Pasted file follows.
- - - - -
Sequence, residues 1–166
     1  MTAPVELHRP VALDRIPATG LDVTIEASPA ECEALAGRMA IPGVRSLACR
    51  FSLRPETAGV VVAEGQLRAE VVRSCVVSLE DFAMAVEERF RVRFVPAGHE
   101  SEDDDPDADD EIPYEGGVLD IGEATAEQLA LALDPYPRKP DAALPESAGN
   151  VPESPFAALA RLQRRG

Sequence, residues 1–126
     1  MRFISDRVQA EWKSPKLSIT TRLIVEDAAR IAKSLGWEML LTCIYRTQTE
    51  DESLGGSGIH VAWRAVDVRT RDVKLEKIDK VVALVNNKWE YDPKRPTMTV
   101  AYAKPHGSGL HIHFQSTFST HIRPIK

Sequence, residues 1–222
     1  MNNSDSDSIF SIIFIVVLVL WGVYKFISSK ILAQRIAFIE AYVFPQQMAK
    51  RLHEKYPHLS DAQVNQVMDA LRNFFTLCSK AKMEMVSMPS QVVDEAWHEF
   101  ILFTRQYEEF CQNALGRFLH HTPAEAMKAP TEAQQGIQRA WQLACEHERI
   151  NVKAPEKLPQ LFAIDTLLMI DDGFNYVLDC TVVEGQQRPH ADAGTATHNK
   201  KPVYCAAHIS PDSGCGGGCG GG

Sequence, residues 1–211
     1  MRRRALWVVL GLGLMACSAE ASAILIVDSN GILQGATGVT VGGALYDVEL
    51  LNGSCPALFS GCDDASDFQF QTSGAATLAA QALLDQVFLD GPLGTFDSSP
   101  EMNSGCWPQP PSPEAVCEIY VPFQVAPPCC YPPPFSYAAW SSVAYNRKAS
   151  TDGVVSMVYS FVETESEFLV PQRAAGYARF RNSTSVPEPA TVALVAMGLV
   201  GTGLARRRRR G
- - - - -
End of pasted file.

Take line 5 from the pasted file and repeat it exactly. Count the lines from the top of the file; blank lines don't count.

   151  VPESPFAALA RLQRRG